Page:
quote HEE facebook linkedin twitter bracketDetail search file-download keyboard-arrow-down keyboard-arrow-right close event-note

Simulation at the heart of hospital training

Simulation-based training is being used at Great Western Hospital in a wide variety of areas to help drive improvements to patient safety.

Deep in the heart of Great Western Hospital is a set of rooms that appear to be like any other treatment room but where no real patient will ever set foot.

This is the hospital’s simulation centre complete with a wide range of equipment and props – uniforms, bandages, blood banks, monitors - that are used to recreate real-life medical scenarios.

Here clinical staff are presented with highly-realistic simulated situations which they must work through to help them to identify ways to improve patient safety on ward.

Watching over this is Dr Michael Natarajan who has been supported by HEE to develop simulation-based training at this major acute training hospital.

“We started by looking at “never events” – events that should never happen such as a wrong drug, a wrong dose or a wrong transfusion. It caught on so fast that it has expanded so that we are working with many departments across the hospital.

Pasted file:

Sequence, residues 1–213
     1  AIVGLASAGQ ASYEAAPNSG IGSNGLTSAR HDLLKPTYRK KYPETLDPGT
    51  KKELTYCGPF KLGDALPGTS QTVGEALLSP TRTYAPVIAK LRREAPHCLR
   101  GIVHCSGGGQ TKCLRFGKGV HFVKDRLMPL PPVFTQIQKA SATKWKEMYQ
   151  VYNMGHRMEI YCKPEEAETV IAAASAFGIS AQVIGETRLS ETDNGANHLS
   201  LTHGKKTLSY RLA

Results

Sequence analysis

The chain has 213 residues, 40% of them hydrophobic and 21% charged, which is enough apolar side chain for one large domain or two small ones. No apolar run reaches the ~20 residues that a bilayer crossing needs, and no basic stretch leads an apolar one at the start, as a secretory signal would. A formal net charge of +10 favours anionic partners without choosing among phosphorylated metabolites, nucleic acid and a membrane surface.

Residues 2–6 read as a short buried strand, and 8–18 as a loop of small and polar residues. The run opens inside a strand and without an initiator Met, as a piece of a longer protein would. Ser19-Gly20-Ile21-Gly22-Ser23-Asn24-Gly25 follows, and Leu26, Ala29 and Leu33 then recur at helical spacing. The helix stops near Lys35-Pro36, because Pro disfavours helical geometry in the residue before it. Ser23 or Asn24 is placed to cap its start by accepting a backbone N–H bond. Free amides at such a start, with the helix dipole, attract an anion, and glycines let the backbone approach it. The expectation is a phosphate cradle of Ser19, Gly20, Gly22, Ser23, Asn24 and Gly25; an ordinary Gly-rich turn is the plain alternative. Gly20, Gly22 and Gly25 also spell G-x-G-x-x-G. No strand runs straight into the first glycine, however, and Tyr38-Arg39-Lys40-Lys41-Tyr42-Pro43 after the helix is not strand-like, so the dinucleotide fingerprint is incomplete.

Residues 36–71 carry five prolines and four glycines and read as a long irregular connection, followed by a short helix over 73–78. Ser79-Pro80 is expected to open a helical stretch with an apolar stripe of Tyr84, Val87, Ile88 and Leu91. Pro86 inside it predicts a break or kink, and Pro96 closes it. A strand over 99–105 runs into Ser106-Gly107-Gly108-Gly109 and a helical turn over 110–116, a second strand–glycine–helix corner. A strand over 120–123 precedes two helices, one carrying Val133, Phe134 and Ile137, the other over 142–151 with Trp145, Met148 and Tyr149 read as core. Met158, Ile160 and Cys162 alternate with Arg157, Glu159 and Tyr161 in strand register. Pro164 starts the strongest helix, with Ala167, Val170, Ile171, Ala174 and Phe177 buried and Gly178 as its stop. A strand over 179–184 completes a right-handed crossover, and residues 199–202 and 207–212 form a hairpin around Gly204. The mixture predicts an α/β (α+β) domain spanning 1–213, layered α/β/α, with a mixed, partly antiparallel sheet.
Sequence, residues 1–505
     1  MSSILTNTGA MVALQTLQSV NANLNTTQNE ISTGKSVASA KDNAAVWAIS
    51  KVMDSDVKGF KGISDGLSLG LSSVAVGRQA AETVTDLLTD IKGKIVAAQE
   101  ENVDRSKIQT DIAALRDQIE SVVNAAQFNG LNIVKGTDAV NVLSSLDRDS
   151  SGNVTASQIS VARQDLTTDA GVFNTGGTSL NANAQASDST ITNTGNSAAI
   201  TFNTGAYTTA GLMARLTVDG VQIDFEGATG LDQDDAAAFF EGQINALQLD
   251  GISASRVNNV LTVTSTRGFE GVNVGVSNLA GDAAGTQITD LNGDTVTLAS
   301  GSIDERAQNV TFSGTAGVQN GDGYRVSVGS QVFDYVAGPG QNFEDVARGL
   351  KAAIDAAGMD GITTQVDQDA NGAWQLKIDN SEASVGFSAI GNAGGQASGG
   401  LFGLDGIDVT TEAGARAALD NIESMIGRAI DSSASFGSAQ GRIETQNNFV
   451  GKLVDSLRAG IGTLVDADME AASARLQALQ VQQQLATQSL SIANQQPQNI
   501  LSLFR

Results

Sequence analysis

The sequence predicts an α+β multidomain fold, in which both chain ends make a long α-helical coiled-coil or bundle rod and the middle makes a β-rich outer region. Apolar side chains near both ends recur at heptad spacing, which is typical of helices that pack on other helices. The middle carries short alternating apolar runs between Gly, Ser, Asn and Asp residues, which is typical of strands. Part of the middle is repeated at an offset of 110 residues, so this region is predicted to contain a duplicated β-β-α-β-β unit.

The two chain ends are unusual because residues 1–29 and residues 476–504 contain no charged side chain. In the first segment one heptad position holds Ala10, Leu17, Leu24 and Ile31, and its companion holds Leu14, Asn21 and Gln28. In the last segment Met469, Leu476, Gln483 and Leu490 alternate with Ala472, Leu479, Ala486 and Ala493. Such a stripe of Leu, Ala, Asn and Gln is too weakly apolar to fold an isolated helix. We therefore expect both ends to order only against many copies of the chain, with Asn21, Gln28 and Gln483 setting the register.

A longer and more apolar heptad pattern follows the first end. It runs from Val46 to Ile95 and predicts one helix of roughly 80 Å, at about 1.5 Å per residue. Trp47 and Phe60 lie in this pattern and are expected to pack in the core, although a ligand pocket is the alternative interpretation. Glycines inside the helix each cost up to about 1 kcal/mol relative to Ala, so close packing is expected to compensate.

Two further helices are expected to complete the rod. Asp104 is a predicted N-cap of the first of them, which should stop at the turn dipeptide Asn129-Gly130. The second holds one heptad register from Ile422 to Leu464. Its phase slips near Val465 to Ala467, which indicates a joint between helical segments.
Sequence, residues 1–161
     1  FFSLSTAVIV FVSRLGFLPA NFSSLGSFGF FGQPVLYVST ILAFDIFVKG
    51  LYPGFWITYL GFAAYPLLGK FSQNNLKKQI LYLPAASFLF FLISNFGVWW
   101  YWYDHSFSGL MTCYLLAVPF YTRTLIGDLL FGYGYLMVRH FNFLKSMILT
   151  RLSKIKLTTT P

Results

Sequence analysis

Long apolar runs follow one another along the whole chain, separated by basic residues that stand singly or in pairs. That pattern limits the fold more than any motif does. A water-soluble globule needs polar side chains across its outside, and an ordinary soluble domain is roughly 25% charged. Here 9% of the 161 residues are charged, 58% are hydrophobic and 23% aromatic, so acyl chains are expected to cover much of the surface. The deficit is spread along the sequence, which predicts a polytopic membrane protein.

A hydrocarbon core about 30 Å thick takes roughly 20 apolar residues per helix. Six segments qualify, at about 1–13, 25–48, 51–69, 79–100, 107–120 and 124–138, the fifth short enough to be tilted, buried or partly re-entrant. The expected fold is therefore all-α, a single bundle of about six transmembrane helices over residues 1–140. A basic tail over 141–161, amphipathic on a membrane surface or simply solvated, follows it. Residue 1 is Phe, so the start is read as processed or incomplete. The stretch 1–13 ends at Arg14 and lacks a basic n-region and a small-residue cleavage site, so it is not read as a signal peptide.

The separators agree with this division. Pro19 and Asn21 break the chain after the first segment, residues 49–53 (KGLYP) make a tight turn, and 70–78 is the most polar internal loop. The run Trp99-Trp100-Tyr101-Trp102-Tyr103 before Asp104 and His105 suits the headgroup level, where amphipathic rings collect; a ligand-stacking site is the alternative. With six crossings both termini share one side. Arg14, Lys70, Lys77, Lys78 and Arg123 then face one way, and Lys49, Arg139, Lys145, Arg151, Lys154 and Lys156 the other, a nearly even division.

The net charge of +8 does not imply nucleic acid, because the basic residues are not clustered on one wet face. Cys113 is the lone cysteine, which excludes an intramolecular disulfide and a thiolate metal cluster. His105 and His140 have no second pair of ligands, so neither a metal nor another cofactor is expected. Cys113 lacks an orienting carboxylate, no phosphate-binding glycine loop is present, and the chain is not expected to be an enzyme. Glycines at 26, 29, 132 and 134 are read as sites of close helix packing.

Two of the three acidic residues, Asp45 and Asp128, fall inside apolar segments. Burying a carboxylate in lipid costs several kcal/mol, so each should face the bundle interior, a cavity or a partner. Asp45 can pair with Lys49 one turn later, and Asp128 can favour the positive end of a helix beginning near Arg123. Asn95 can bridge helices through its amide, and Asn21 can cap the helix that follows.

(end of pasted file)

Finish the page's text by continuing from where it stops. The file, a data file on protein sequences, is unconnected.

“We want to highlight aspects that are not working well and look at the guidelines and protocols surrounding this.”

Dr Natarajan saying this is proving a highly effectively way of identifying often simple improvements that can have a significant impact.

For example, there was no resuscitation equipment in the endoscopy unit and it could take up to five minutes to get it from another department in situations where every minute counted. As a result the unit now has its own equipment.

Simulation training is being widely used across the hospital including with work with maternity staff, care of elderly, highlighting safeguarding and child protection issues, providing experience for foundation doctors and trainee nurses, and helping multi-disciplinary teams to better work together.

It is being used to enable clinical staff to develop the skills and confidence to help them challenge senior colleagues where they believe a mistake is about to be made.

The simulation training is also being shared with partners and the wider community with mock emergencies, such as a cycling accident, staged within the hospital grounds for trainee para medics to attend and a recently multi-stage simulation for college students to help show the breadth of job opportunities within the NHS.

This Page was last updated on: 13 June 2016

If you found this content useful you can share it on your favourite social network:

Or just grab the url to share wherever you like: